“Viewers can relate to it,” she says. “The people in it could be your sister, your son, your next-door neighbor. The public identifies with the contestants and like to watch their journey through the show.
“Just yesterday I was walking down the street and two young men came out of the pub and asked if they could have a photo with me. They were only around 20, but genuine Bake Off fans. I love that. I think the show brings families of all generations together on the sofa.”
Bake Offhas been nominated for the Radio TimesAudience Award by Bafta judges for the third year running, and next season makes the move from BBC2 to BBC1. Mary says the change will make no difference to the format when filming starts just after Easter.
“All the values are the same – it’s about people’s passion for baking. The contestants put their heart and soul into it and that always moves me. Many of them have full-time jobs but stay up all night perfecting their skills.”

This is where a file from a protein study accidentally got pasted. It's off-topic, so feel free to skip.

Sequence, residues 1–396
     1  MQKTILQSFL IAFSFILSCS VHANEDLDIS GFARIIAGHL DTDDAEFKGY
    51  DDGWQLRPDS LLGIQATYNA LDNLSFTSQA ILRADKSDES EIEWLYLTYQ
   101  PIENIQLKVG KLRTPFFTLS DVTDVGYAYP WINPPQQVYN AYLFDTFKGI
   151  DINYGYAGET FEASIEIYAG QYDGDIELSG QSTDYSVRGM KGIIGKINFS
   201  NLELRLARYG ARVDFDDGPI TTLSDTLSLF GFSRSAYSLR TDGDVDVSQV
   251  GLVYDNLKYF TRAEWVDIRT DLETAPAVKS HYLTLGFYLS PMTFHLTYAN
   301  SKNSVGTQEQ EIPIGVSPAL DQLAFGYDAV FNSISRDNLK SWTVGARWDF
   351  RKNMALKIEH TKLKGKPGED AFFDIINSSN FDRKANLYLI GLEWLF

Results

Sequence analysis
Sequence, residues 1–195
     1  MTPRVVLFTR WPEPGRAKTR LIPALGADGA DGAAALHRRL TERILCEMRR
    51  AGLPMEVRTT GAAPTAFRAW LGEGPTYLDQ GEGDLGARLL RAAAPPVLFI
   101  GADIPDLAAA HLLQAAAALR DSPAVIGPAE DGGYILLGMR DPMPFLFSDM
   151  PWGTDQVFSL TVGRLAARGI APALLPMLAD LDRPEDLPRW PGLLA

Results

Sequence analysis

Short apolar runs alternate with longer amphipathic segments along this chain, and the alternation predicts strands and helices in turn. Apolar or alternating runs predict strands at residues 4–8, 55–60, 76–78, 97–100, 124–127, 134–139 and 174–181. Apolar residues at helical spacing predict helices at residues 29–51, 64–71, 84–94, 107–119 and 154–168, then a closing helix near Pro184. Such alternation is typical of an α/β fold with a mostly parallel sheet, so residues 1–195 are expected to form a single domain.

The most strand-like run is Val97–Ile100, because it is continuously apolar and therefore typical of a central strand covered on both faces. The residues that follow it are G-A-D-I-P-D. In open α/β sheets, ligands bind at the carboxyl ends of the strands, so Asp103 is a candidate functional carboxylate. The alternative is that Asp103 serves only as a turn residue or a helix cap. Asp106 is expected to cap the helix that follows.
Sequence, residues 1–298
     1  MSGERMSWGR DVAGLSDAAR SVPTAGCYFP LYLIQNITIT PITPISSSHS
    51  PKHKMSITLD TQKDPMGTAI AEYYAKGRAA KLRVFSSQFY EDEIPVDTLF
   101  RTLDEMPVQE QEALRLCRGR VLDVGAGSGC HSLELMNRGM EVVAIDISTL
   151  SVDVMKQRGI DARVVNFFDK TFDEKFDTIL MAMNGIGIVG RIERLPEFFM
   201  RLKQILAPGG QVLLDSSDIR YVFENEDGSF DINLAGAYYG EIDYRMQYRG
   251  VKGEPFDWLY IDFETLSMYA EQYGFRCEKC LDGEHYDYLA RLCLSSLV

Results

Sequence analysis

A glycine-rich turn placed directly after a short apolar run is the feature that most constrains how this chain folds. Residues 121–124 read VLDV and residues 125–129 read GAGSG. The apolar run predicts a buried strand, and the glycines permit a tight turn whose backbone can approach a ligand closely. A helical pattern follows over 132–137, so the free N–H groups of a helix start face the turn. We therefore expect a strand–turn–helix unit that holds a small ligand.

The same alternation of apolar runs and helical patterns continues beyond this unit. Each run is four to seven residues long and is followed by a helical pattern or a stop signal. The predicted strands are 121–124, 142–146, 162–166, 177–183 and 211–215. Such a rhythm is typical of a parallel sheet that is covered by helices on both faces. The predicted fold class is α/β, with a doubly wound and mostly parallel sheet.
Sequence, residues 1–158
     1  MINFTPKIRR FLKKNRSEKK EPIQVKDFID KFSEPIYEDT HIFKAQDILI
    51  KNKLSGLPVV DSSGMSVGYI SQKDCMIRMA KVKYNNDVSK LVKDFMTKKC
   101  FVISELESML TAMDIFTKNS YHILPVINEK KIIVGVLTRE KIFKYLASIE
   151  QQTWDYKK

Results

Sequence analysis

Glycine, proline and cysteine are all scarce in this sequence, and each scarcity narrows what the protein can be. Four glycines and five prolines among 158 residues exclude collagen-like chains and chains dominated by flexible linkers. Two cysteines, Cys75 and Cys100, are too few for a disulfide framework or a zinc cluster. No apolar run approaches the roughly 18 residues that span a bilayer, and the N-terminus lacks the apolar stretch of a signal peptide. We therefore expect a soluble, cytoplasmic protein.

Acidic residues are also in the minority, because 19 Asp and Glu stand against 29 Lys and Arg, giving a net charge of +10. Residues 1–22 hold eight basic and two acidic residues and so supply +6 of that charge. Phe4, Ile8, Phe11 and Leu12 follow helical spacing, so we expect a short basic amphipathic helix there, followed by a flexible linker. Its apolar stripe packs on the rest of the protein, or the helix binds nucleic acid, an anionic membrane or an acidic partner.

After the marvels conjured up by last year’s winner Francis Quinn, one wonders how the standards can continue to rise. “The bar is already pretty high, but I expect we will see the contestants in the next series becoming even more inventive,” says Mary.
That doesn’t mean, however, that the nation’s amateur bakers should worry. “It’s not always about showstoppers,” she says. “People send me pictures of their versions of cakes from Bake Off – the icing may be a bit wobbly but it doesn’t matter. It’s wonderful that people are inspired.”
The Radio Times Audience Award is the only prize at this year’s Television Awards chosen by the public. The shortlist was drawn up by a panel of top TV critics but the final decision lies with you. Your winner will be announced on Sunday 18 May 2014 on BBC One.